• I had really terribly bad breath when I was growing up. Every morning, my father would fuss at me about it, as if I hadn’t brushed my teeth, when I had. When I was about to graduate from high school, a doctor noticed I had cavities in my tonsils where food would get trapped and putrefy. If I worked at it, gagging the whole time, I could clear out those cavities and have clean breath for a month or two, until it started over again. I begged doctors for the next few years to remove my tonsils, and finally one agreed. I have never had bad breath since then.

    A post script is that I was told the drainage would be noticeably worse down my throat, but since I never noticed any difference, I wonder if my tonsils ever worked properly anyway.

  • Use a tongue cleanser with the Waterpik. Also, oil pulling with unrefined organic coconut oil (Ayurvedic – swishing the melted coconut oil in mouth for at least 15 minutes).

  • I agree. It’s important to consult a Doctor if you suspect your bad breath may be caused by medical issues., It can also be a sign of sinus infection. We used to know a gal – who I’m sure is long gone, who was known for always having bad breath. My folks weren’t the only ones who commented on it. I think if it’s someone your close to you could maybe have a private chat with.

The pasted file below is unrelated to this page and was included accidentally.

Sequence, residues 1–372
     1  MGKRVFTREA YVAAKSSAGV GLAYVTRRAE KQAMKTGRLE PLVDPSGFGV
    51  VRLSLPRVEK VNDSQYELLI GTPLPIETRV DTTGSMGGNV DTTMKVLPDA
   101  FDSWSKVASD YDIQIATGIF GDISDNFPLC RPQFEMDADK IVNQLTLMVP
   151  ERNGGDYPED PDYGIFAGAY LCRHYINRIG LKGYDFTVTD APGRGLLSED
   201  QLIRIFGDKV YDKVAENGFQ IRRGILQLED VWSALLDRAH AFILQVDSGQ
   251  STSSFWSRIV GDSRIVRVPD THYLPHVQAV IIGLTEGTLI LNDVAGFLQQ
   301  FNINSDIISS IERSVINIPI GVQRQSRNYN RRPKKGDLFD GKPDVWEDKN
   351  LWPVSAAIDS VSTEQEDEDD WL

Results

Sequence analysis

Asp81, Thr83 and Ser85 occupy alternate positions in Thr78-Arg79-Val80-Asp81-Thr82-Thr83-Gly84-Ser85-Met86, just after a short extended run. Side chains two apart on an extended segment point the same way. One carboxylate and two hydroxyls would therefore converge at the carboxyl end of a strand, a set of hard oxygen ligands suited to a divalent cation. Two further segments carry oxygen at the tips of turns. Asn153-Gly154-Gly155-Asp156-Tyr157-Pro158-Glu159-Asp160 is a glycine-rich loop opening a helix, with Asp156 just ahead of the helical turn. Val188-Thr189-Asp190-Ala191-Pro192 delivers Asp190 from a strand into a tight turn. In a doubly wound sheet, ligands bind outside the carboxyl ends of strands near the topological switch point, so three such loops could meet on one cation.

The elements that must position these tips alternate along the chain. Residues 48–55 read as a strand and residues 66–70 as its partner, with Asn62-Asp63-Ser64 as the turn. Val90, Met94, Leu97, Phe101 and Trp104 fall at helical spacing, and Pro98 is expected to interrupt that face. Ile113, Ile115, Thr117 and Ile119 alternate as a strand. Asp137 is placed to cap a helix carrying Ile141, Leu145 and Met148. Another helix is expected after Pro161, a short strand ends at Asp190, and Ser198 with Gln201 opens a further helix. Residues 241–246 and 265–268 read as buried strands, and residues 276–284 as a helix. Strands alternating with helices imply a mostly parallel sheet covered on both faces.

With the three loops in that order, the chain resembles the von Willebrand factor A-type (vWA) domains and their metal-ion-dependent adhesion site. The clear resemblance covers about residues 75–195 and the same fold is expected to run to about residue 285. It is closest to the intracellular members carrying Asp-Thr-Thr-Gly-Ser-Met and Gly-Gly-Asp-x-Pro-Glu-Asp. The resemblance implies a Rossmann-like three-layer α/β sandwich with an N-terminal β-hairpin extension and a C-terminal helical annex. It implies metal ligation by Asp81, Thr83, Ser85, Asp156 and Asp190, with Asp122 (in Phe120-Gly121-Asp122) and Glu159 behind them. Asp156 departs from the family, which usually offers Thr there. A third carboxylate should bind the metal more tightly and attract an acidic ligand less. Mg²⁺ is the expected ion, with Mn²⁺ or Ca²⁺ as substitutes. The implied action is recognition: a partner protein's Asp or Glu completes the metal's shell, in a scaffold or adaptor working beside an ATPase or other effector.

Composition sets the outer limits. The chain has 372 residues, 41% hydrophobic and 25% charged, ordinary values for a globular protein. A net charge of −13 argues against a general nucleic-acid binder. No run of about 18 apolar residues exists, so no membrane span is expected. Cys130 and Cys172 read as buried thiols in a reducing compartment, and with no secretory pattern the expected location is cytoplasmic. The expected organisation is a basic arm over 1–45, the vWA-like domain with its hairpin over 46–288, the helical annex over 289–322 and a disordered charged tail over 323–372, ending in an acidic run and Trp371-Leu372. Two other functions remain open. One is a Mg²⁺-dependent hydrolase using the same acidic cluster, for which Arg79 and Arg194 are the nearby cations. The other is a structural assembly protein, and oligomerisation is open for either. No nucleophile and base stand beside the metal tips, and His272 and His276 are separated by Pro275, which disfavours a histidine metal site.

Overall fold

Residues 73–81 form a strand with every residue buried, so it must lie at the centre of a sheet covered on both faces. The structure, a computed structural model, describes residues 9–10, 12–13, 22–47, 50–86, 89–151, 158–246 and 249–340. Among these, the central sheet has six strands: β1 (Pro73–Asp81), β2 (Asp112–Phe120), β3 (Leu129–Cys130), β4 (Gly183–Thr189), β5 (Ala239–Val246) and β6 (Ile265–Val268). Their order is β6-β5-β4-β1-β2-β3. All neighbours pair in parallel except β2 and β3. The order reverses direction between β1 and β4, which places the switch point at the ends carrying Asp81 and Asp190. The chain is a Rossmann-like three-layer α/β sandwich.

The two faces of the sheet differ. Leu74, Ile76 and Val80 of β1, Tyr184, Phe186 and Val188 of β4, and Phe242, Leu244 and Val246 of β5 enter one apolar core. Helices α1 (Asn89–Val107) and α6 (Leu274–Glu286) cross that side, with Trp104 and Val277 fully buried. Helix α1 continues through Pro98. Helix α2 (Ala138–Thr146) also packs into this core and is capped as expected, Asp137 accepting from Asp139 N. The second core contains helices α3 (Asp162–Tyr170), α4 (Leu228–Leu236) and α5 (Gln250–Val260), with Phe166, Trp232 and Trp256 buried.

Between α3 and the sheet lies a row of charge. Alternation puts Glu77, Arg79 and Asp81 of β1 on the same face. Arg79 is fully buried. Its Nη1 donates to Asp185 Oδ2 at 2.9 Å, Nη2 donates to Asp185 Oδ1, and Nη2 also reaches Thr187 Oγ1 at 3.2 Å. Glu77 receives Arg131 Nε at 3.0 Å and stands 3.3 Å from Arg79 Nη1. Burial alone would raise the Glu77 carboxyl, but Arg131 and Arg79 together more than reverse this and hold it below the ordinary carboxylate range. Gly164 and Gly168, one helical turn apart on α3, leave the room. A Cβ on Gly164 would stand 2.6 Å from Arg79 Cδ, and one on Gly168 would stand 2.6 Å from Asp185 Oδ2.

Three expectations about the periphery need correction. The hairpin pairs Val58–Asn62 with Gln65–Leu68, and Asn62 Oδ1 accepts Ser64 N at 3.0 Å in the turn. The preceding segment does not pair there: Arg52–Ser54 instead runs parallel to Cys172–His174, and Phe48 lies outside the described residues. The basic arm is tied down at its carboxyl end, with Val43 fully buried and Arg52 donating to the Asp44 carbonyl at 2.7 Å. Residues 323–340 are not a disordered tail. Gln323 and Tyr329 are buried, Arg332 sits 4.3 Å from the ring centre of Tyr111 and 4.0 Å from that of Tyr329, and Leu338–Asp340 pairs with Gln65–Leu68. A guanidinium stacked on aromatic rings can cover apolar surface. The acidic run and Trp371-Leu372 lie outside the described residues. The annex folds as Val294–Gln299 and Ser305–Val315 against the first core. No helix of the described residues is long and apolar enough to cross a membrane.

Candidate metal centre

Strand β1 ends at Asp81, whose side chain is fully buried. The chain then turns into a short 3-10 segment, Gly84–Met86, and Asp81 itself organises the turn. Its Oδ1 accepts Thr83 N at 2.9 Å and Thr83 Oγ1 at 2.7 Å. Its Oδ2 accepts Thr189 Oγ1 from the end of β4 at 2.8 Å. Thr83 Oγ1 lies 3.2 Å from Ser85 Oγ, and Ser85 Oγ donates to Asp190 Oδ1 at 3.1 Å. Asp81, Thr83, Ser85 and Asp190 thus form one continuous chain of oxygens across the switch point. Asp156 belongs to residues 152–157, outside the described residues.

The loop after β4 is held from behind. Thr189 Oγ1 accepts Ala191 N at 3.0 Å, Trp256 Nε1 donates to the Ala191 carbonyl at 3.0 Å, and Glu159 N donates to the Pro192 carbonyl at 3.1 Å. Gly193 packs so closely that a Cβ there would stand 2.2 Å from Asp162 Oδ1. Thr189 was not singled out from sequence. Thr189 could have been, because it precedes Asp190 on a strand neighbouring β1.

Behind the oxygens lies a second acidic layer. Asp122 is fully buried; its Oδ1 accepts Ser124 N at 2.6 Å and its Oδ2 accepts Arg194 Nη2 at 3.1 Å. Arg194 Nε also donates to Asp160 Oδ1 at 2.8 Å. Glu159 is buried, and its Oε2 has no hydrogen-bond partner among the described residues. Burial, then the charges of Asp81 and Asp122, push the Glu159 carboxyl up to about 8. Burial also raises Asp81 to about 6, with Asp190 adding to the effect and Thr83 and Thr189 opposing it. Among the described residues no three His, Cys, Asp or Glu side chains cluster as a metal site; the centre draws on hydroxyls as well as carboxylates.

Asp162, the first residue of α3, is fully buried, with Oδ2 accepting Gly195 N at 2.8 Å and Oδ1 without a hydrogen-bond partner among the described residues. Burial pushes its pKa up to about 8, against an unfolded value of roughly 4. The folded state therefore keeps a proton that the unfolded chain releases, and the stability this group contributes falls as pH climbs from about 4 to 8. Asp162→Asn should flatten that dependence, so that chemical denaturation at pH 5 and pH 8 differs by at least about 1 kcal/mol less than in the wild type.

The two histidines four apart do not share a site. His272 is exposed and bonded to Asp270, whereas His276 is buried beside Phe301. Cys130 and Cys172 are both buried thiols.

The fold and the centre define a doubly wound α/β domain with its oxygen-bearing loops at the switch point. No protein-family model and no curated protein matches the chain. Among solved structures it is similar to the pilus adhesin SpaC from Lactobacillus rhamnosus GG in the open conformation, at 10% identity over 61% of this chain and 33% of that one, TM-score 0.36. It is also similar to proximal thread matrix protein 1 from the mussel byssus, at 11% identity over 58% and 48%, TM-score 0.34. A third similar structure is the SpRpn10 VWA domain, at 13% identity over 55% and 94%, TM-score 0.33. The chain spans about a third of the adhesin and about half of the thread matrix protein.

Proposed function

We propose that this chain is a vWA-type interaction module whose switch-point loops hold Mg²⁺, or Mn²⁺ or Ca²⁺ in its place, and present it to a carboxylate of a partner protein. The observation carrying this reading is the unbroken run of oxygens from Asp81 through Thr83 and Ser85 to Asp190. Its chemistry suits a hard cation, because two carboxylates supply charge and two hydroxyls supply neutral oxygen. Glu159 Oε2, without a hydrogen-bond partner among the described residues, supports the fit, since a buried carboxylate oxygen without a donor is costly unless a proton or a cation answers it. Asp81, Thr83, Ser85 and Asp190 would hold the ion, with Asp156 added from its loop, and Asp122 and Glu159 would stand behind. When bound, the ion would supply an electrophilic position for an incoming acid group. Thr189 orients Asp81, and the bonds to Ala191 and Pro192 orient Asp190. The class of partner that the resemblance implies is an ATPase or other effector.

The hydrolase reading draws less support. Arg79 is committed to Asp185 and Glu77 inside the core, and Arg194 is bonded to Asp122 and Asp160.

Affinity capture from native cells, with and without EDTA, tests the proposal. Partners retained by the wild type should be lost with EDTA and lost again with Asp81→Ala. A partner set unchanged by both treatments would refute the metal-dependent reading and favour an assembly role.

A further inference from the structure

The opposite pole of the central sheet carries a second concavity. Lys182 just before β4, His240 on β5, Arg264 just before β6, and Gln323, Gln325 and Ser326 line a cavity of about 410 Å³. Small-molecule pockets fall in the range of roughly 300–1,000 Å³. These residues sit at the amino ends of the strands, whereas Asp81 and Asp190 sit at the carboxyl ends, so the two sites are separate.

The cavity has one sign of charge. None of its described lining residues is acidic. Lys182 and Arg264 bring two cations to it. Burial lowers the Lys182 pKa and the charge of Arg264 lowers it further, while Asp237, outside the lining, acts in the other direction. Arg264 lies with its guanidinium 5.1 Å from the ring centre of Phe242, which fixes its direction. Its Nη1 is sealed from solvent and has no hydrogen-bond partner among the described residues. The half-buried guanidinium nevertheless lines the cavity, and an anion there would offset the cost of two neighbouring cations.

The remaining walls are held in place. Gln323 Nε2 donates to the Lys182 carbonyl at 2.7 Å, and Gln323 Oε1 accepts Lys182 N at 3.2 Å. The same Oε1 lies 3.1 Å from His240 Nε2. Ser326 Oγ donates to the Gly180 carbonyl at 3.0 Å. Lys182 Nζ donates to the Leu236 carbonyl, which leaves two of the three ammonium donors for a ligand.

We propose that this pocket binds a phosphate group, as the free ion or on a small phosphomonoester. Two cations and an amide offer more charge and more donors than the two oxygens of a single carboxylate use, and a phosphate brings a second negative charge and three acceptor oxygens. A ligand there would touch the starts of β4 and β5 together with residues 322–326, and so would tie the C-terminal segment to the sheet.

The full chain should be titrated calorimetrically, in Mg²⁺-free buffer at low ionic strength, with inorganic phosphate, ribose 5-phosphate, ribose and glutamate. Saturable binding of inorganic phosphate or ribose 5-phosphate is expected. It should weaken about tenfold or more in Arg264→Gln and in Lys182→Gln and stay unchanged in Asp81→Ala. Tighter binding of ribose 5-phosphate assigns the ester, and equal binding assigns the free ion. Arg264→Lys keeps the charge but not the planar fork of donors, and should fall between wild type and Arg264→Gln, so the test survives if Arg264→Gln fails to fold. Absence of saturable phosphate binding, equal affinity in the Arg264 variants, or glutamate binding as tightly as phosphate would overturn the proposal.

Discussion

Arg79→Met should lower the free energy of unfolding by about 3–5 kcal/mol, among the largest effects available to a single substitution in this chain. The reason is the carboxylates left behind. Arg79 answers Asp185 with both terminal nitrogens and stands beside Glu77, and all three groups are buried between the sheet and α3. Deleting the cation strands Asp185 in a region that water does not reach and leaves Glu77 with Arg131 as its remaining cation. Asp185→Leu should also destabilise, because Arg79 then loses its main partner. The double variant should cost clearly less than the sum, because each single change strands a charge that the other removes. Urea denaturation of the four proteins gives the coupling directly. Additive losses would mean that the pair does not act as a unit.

• I make a batch of salt water & brush my teeth with it. Tastes good and clears up the funky mouth.
    1 cup of boiling water and 1 scant teaspoon of “Real Salt” is what I use. Good quality salt is best.

  • Having horrible breath for years was a constant battle. I had good oral care, strong teeth, good diet, etc. I did notice that after communion (wine) it wasn’t as bad. I took to eating menthol cough drops for years and years but still suspected it was from my stomach. Finally when I had a constant dull ache in my stomach that was relieved when I ate, I told my doctor who ordered an upper GI test. It disclosed a very weird thing that he said was more common to people of Eastern European heritage and I was German and Scotch Irish. I had several large Carcinoids removed from my stomach and immediately felt better. My surgeon explained they are a natural way for the body to regulate stomach acid. You produce acid in order to digest food. The acid is produced to fight the growing small carcinoids in your stomach which then slowly grow back and you again produce acid to eat them away. You must produce the acid in order to digest food. I had already been diagnosed with autoimmune disease which caused my body to stop producing much acid and this caused the carcinoids to grow larger. So I’ve had two trips to the hospital to remove them and assume I’ll live long enough to do that again – it isn’t cancerous but the ache and constant eating are bad for me. (We can’t consume strong enough acid to counteract the effect.) I said all this to help others that may be having bad breath for medical reasons so please be sure to tell your doctor if this is a constant problem for you since it may be just a symptom.

  • A rinse with warm salted water or with a few drop of tea tree oil helps prior to brushing. My Mom would always eat a few springs of fresh parsley – claimed it worked – takes getting used to the taste, though. I used to go on a lot of canoe trips in N. Ontario. We would look for wild mint growing and chew on them so I imagine domesticated mint would work, too.